Saturday, February 27, 2010

Treatments - A Long List

If at first you don't succeed, try, try again. Then quit. There's no point in being a damn fool about it. -- W.C. Fields

I had to laugh a bit when I first heard this quote. Thinking back on all the hundreds of treatments I have tried and often continuously repeated despite their ineffectiveness (and, at times, counter-effectiveness), I sometimes have to wonder about myself. What was I thinking?

But there is such a desperation and overwhelming desire to get well that one will often try anything (and keep at anything) in the undying hope of it suddenly working.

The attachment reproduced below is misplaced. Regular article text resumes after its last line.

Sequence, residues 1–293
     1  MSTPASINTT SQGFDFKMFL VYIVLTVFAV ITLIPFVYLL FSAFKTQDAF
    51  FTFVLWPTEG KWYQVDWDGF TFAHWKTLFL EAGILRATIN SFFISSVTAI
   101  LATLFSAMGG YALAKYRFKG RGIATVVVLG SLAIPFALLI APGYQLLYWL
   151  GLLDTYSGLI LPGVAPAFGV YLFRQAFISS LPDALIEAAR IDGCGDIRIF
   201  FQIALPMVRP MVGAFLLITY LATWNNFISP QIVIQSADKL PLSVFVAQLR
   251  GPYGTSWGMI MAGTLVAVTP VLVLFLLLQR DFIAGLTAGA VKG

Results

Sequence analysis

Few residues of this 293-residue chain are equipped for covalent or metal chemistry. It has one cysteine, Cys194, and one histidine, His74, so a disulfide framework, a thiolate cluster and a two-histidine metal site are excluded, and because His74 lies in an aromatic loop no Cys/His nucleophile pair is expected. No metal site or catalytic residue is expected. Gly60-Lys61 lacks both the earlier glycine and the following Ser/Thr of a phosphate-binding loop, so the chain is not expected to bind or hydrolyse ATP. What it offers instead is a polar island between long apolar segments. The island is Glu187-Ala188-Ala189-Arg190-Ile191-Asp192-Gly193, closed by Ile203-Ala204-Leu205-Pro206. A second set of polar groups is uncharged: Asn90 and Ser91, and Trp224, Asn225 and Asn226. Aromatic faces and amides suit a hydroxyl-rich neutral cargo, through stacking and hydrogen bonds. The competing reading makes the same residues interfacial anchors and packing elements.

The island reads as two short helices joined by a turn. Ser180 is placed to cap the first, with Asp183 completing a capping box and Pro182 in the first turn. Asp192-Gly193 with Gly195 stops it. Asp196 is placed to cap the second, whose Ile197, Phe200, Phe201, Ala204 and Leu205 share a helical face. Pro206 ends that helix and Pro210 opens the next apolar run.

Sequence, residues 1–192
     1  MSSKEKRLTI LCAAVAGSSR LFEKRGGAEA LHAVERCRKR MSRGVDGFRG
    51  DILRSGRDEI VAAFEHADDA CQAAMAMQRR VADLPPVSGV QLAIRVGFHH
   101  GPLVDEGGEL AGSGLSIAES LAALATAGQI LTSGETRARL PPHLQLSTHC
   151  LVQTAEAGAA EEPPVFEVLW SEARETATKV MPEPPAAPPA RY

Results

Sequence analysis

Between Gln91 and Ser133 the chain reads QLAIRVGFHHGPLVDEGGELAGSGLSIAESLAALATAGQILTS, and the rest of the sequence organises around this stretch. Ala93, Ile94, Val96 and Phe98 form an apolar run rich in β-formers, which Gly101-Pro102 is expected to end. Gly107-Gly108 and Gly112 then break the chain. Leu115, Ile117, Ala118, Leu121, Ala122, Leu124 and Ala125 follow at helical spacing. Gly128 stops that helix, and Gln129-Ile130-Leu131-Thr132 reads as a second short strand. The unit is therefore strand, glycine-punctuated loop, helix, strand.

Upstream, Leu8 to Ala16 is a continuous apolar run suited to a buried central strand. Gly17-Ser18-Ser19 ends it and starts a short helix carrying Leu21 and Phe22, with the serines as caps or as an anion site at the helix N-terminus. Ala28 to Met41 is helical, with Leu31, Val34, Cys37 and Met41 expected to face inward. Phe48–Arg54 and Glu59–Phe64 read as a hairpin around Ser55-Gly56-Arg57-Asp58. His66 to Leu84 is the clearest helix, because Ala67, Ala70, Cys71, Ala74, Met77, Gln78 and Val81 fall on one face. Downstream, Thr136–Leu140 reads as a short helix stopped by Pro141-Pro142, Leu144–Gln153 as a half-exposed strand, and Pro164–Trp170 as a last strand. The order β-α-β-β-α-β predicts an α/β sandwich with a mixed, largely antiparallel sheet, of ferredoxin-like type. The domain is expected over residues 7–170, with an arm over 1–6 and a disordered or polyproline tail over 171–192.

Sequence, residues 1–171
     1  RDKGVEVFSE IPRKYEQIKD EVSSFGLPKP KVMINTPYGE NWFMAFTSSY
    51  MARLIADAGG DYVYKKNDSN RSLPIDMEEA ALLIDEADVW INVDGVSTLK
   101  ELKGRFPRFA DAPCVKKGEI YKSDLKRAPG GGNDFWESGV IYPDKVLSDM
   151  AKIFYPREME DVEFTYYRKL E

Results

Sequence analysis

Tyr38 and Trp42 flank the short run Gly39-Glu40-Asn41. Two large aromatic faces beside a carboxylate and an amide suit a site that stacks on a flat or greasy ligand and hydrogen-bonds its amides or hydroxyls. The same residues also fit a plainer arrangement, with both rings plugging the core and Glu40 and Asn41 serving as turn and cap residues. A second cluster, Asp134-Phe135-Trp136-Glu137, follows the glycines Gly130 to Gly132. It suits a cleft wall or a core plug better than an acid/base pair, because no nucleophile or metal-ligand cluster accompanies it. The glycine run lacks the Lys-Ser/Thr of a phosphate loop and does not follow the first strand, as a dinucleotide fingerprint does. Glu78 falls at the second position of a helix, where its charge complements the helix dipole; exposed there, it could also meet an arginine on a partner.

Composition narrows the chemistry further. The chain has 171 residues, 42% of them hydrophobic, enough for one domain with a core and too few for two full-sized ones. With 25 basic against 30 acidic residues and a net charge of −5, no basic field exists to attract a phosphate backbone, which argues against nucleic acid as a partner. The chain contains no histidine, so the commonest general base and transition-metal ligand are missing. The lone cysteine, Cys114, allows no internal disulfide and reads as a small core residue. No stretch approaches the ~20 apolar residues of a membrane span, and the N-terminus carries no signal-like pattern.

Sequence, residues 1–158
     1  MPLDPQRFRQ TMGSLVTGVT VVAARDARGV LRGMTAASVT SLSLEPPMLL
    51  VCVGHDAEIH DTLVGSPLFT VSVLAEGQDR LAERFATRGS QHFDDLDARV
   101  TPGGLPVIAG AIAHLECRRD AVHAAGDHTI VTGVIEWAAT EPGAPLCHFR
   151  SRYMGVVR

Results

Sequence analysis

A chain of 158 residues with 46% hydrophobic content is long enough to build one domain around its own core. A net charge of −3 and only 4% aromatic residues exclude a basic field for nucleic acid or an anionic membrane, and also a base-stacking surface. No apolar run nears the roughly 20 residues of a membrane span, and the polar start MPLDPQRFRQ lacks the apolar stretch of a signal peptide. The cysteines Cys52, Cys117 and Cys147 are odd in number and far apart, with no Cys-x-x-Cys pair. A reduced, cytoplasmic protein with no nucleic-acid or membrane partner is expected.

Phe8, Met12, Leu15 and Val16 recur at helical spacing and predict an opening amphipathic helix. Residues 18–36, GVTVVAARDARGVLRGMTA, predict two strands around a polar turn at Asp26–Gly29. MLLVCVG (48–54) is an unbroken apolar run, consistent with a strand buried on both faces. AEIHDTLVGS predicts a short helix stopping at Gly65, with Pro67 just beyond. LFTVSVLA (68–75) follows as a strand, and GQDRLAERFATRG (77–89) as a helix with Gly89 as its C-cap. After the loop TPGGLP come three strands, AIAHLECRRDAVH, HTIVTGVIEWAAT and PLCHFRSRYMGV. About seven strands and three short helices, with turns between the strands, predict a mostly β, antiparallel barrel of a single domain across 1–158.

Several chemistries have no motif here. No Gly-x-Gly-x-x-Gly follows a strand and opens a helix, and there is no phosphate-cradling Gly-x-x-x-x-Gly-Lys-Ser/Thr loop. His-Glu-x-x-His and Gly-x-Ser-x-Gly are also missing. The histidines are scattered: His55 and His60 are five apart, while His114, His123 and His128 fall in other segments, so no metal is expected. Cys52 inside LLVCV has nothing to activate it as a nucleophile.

After I became bedbound, I received a variety of nutritional IV's at home twice weekly (sometimes daily) for about 4 years.... despite the fact that they often made me feel worse. My doctor at the time (she is no longer my doctor) told me that the ill effects were a result of detoxification, and that I had to suffer through it in order to get well. The biggest mistake patients made, she told me, was giving up too early. I wanted to believe her so badly that I continued with the treatments for years, hoping that, contrary to the evidence and my own intuition, I was doing something which ultimately would benefit me. In truth, I was also a bit limited in my choice of doctors. I could find no other MD at the time to come to my house to see me and thus felt I had little alternative but to listen to this doctor's orders.